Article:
Very lucky. I got one of the coolest e-mails of my life one day that Trent Reznor was a fan and wanted to meet. I got on a plane on soon as I could and went to L.A. and met him and Atticus for lunch. Instantly, the energy was great. They had seen and dug my other movies and just wanted to work together, so I told them I was writing this other thing—at the time I was writing Waves—so I sent them the script. But I was terrified when I sent it to them because it had like 30+ songs embedded into the script and none of them were Nine Inch Nails, so I was hoping they wouldn’t be like, “Where the hell do we fit into this?” And it was the opposite. They loved the script, and were like, “Let’s do it. This is exciting and different for us.” And then we did it and it was amazing. So cool working with them.

What was the process like? How involved were you?

I participated in the process in the sense of, like, just the ideas of it. I sent them a really long rough cut because they asked for it. They really wanted to get as much inside my head and where I thought things could go as possible. So, I sent them a really dense notes document outlining placement, where I thought score could go, what I thought it could do. It was a rambling process. They dug it for some reason, but it was just a ton of rambling, like, “Maybe we could take sounds of the world and use them musically and bring them closer to the character’s headspace. That’s what the score could do that’s different from-” and just giving all these ideas and ranting. It was all remote, so I wasn’t with them for anything, but then did their thing and made it good, you know. It was really cool.

In what way is Waves autobiographical for you?

I don’t know what percentage, but the whole thing is fluctuating between autobiography and fictional narrative, whether it’s from me or loved ones. There are these two ends—from all the wrestling and shoulder tear, that was me in high school, to everything in Missouri, that was just real, and we recreated it as much as possible. I lost my dad and was only there for him because my girlfriend pushed me to go, and then that did new things for her grief in the relationship she had with her biological father. It’s boring, I could go into it more, but the whole narrative is kind of that—those two ends. But then it’s like real, fake, real, fake, real, fake. And it’s all intermeshed together to where it just feels like a very spiritually autobiographical thing. But then at the same time, especially given the collaboration with the actors and everything, it starts from this very personal place and gets bigger than you and grows outward.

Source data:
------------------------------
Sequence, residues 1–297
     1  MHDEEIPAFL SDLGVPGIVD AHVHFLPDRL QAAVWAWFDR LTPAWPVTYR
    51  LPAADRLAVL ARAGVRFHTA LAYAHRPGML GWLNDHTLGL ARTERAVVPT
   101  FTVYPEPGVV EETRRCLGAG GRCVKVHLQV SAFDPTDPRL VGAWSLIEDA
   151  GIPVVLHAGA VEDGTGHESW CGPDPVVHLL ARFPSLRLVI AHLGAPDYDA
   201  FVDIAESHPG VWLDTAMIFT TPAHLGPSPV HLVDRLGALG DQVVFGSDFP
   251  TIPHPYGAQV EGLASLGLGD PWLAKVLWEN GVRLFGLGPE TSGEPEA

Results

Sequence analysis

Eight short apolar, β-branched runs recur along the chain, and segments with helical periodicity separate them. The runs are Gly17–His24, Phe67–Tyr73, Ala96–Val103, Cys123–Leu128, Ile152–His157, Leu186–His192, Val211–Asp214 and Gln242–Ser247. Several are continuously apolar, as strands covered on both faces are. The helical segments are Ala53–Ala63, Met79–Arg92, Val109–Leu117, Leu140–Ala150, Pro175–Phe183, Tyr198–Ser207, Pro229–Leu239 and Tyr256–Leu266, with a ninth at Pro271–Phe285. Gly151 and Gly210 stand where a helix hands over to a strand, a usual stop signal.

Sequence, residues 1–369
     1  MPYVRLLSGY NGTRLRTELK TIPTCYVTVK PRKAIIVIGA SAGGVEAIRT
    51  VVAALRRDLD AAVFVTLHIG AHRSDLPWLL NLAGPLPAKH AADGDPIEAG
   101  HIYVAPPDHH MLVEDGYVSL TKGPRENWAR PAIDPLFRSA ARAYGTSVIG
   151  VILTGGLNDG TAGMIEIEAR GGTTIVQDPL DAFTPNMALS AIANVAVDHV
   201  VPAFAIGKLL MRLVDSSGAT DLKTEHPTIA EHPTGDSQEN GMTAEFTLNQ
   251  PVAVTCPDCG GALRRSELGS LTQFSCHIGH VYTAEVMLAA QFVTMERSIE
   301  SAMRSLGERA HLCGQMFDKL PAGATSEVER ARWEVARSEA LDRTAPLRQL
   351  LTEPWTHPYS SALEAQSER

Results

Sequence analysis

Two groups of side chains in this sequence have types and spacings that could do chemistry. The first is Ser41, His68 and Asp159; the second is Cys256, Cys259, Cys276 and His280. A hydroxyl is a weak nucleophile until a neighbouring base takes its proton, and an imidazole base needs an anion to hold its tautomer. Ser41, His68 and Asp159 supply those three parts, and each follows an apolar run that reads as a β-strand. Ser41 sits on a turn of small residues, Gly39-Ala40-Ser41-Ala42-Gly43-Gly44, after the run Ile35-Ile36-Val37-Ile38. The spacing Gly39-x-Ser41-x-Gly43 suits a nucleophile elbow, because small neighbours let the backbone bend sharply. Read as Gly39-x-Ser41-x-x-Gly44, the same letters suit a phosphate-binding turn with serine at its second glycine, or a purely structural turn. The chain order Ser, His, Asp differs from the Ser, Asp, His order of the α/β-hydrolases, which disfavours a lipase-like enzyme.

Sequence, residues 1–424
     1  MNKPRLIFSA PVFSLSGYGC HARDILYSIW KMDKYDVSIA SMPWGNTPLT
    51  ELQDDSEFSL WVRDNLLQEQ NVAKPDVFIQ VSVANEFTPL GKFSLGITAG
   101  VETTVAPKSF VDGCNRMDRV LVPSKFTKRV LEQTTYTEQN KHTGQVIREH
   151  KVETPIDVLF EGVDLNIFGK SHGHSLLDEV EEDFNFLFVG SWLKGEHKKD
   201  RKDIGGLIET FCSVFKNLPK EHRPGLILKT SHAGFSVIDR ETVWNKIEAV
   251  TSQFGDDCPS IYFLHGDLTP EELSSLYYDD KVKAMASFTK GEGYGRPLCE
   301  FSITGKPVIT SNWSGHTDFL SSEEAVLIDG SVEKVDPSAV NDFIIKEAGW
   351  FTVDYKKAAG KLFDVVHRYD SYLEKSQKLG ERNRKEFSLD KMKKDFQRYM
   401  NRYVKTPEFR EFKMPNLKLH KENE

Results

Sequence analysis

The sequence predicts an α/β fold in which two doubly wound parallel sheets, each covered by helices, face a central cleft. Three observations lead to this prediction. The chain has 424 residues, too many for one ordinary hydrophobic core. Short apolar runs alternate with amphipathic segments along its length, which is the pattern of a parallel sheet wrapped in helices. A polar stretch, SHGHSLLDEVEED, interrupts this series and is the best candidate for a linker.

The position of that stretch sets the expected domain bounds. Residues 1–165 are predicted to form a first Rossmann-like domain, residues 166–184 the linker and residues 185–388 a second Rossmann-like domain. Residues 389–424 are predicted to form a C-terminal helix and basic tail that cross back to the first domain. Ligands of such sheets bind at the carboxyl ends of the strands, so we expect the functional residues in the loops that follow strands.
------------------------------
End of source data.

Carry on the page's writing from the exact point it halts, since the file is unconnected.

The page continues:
Are you friends with Harmony Korine? He’s credited as having a cameo, but I didn’t see him.

You hear his voice in the classroom when Emily’s in class in the second half. I don’t know him that well, but my producer and production designer know him. He lives in Miami, so he lives thirty minutes from where we shot. We would play basketball games with him on the weekend, so we were like, “Why don’t you come do a little cameo in the movie?” We shot like thirty minutes of him just fucking around as the teacher. None of it’s in the movie, but it was so fun to do [laughs].

Were you inspired by him at all? I’m just thinking of the colors of Waves next to The Beach Bum and Spring Breakers.

Absolutely. Yeah, man, I love him. He’s a great filmmaker and artist. Especially his Florida inspiration. He’s so inspired by the vibrancy there.

What you are working on next?

Nothing, man. Everything was kind of leading up to this. I’m a blank slate right now.